Just how important is that rhythm?

I came along an article (http://opinionator.blogs.nytimes.com/2009/12/22/enter-the-chronotherapists/?scp=5&sq=sex%20antidepressant&st=cse) in the New York Times that returns to the ever-impressive, often revisited topic of circadian rhythm. I doubt I have to convince you that maintaining a rhythm is important – we have all taken bio basis (not to mention the likelihood that personal experience comes into play here – everyone regrets those all-nighters that leave us achy and irritable the next day). But just how critical is circadian rhythm?
It turns out that messing with circadian rhythms can have pretty devastating effects; living in consistent strife with your bodily rhythms can have major health effects. For example, eating in the middle of the night can lead to significant weight gain. An experiment was conducted where one group of mice were allowed to eat only during waking hours and the other was allowed to eat only during sleeping hours. After six weeks, the mice whose cycles were disrupted were significantly fatter than the control group. I guess there goes the midnight snack. Apparently, exposure to light during sleep, even briefly, is enough to raise melatonin levels and reset the clock. Scientists have found that exposure to light during sleep is correlated with breast cancer. Consistently, women who are totally blind have a lower incidence with breast cancer than those who are not.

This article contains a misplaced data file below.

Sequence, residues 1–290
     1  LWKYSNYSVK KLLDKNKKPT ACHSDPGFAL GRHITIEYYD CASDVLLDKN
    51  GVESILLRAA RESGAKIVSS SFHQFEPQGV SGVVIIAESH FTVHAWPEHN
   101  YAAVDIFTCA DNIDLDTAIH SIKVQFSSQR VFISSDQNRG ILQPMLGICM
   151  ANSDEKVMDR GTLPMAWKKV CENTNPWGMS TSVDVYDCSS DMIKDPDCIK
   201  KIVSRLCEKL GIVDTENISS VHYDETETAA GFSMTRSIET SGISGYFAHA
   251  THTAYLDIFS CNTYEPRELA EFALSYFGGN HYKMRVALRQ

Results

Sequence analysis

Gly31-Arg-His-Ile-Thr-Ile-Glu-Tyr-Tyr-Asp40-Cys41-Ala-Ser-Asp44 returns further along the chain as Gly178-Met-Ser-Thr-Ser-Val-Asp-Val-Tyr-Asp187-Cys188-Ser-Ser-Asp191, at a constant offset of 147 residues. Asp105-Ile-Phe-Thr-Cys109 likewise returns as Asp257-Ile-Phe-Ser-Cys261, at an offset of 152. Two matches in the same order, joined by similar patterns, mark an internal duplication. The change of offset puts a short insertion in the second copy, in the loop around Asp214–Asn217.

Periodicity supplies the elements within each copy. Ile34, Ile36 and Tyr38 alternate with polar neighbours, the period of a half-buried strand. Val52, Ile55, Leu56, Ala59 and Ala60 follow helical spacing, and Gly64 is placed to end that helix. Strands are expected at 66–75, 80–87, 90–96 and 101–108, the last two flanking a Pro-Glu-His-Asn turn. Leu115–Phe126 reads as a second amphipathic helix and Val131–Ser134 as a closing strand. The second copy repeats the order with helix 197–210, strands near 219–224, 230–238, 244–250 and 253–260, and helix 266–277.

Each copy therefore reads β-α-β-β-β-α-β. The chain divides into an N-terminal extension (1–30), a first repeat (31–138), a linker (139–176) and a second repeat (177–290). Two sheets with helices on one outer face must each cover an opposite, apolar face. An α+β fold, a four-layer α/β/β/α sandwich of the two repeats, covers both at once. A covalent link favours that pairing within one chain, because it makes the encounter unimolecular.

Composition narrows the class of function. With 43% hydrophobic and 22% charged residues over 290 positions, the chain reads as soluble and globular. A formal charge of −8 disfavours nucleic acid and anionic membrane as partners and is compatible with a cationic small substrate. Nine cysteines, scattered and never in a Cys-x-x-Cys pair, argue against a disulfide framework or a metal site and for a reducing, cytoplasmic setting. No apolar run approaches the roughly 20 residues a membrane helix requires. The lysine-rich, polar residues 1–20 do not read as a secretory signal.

Furthermore, there is evidence that working with the subtleties of your circadian rhythm can greatly benefit the body as well. Evidence suggests that drugs taken to reduce cholesterol levels work best if taken before sleep; chemotherapy drugs have a “best” time of day to be administered to have a greater effect. Hypothetically, if there is a time when the effect of a drug can be boosted, that would potentially mean that the dosage could be lowered and thus side effects could decrease as well – pretty exciting stuff.
This leads me to interpret that since all processes in our bodies form a rhythm, there may be opportune times affect a variety of behaviors. What if there is an opportune time to take an anti-depressant? Or for a child to take their ADHD medication? And the list could continue for ages…

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